Malta has passed certain laws and some of them quite inadvertently make it more attractive for companies. The LGA requires that each gaming company must have employed and resident in Malta a key official. The intention is for this key official to be a director and a senior individual from the management team, who is the chosen delegate to liaise with the LGA. As the key official is resident in Malta, it is easier for the Maltese Authorities to find that person as they are resident in Malta. The key official is personally and legally liable for the operations of the company. Thus if the company transgress any corporate law, the key official is liable to be personally fined, have any property confiscated and in extreme cases, could even end up in prison. When a key official is resident in Malta, but the company does not have its operations in Malta, it is difficult if the not impossible for the key official to be fully aware of what is going on. When the company does not have its operations in Malta, the key official will have access to the company accounts and back office systems, thus a certain amount of monitoring is still possible, which is what the LGA requires. Also the key official is bound to monitor any legal cases that arise, pertaining to the company. If the company is a large one, it will not give due consideration to the key official, but the key official will have access to certain reports and also signs contracts on the company’s behalf. In some cases, the key official is the sole director as a judiciary representative.
The Maltese law specifies that a gaming company keeps the clients’ money separate from its own operational money. The company is not allowed to touch the clients’ money, until it isactually placed in bets. This is to safeguard against clients ending without their ‘deposited’ money, should the company go bankrupt. Every month, the gaming companies have to submit a report to the LGA and show that enough money is held, to cover the players’ funds. The key official endorses the report to prove it is truthful.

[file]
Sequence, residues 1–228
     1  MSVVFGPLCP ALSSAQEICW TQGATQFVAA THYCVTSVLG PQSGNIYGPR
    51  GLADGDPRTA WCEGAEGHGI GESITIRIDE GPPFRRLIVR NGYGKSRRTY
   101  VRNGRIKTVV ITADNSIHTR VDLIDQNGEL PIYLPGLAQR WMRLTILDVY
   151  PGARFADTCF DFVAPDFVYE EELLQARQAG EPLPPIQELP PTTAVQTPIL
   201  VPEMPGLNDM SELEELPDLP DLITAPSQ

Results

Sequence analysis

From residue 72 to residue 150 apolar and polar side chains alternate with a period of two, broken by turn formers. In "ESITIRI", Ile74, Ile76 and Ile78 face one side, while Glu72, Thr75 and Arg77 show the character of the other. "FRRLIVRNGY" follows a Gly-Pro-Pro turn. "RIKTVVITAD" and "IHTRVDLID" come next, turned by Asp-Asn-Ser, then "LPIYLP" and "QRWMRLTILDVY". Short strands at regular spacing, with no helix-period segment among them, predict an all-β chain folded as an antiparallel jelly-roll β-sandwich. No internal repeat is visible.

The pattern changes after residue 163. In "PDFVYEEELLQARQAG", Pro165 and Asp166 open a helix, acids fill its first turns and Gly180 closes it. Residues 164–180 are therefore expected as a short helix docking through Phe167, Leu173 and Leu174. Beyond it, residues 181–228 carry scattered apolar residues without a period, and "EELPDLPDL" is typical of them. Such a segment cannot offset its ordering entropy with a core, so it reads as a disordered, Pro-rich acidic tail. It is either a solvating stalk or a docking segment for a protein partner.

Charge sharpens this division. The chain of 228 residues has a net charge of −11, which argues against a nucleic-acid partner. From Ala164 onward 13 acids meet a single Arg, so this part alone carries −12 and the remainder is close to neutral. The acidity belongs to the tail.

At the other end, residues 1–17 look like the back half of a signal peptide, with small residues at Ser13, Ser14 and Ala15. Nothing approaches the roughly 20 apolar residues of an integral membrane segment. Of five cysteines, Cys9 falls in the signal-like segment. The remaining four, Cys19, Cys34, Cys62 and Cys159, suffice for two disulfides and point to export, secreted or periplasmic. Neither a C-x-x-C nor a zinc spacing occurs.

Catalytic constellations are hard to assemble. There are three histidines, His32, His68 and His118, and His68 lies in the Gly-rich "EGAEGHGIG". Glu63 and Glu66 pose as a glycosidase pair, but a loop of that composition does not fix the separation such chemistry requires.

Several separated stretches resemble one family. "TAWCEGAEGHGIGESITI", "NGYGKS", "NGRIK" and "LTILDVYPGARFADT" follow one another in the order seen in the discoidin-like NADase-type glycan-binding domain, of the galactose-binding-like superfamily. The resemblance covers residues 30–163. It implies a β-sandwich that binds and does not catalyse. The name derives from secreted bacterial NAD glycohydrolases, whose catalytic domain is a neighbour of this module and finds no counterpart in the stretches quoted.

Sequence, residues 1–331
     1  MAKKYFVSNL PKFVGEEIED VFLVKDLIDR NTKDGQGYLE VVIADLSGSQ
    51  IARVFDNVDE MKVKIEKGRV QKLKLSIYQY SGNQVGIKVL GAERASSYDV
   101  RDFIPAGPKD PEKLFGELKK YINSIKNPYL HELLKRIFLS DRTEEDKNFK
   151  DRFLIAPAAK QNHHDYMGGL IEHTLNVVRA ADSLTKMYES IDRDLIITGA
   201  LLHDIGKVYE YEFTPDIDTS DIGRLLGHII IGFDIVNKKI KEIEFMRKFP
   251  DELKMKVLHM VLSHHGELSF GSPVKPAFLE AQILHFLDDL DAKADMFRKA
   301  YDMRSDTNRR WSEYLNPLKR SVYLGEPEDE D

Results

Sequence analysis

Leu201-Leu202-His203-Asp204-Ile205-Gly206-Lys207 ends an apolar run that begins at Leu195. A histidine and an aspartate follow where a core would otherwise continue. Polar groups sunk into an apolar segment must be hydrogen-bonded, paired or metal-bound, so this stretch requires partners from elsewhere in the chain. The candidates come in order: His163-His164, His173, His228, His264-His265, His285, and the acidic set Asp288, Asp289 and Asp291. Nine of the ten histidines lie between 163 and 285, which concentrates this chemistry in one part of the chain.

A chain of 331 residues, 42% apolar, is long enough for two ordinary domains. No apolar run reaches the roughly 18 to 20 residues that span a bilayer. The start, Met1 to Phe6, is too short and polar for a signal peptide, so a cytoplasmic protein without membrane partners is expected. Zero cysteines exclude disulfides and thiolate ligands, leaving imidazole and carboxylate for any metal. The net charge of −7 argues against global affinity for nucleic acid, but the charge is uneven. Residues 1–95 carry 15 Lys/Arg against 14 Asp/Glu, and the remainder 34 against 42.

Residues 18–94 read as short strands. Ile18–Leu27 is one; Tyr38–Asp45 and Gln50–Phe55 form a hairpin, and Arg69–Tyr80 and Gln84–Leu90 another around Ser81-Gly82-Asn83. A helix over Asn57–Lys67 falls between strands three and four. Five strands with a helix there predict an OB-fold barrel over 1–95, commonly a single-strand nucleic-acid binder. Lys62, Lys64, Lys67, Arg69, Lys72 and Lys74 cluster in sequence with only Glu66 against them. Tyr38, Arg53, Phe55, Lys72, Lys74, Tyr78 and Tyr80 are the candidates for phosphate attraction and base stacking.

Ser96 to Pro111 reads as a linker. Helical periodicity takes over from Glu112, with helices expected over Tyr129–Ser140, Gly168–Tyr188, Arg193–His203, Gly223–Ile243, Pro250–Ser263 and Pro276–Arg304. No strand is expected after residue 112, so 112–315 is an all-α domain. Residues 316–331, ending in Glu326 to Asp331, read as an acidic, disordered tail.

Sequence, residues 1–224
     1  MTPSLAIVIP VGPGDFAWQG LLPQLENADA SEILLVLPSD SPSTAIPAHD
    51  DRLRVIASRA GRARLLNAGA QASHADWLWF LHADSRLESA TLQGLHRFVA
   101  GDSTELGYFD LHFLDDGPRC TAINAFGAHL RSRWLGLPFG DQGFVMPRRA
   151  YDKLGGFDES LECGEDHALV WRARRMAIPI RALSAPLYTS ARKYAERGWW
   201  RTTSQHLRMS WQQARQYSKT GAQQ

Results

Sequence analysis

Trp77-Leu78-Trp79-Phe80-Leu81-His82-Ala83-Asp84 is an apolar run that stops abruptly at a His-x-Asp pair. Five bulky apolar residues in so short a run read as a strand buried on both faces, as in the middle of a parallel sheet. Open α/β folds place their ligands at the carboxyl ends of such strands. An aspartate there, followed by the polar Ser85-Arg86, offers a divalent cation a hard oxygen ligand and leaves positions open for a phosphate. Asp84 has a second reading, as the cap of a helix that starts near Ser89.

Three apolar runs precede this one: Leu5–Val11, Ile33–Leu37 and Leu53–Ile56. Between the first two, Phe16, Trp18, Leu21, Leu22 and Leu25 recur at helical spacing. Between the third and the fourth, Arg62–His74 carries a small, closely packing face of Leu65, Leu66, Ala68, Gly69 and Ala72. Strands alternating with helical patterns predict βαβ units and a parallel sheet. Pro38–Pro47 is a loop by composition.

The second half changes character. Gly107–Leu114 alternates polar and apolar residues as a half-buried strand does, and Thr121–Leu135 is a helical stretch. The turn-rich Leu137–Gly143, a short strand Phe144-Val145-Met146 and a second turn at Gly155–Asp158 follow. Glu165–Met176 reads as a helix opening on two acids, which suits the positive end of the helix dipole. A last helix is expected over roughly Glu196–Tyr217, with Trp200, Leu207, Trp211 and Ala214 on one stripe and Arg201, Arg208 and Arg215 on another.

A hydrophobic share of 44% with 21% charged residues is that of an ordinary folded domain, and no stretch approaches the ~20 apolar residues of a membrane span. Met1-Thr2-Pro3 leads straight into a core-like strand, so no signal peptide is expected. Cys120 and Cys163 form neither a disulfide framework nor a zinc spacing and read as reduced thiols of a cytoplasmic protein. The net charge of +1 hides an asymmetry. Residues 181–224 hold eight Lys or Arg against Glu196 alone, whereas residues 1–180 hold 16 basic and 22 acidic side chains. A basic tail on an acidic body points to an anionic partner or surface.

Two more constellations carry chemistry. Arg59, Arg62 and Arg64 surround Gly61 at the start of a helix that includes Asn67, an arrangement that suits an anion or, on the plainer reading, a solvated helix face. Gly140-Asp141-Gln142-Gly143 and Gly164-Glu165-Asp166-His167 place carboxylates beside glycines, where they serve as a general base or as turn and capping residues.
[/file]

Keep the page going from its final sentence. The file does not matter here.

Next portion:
In some cases the LGA is seen as acting inconsistently with different operators. There were large companies, who wanted to come to Malta. The found that there was no data centre in Malta that was big enough or up to the required specifications to hold their equipment. Thus these companies requested that they would be allowed to retain their equipment in another country. The LGA insisted that the companies place their equipment in Malta. On the other hand, there are other companies, who have been allowed to retain their equipment in other countries, and are still registered in Malta.
One of the main criticisms of the LGA is that it takes too long in order to process new licences. Although work has been done to improve the situation, the ideal has still not been achieved. Certain licences should be very straight forward, especially if the company already holds a similar licence, but it can take anything from three month to eighteen months for a new license to be issues. It is felt that the officials at the LGA have never been part of operations, and thus are not experienced in certain elements of the gaming industry. The procedures and policies that they request are based at licence level rather than at company level, which can create extra complications and time for reproduction of the same documentations for different licences.
Other participants are very happy with the LGA, and think that it is very efficient when compared with other Jurisdictions. They consider it to be very efficient in comparison with other Jurisdictions and that things get done comparatively quickly. The see the LGA as more experienced and has seen most of the problems that are encountered, before, and thus are very knowledgeable in how to handle the situation. The LGA is more knowledgeable and experienced and thus a great help to the companies operating in the industry. It is seen as less bureaucratic than other Jurisdiction. The majority of the operators are happy with the operations of the LGA and consider it as better than other regulators in other Jurisdictions.
Source: M. Azzopardi: A Study of Locality Choices by ICT and I-Gaming Companies in Malta, 2012.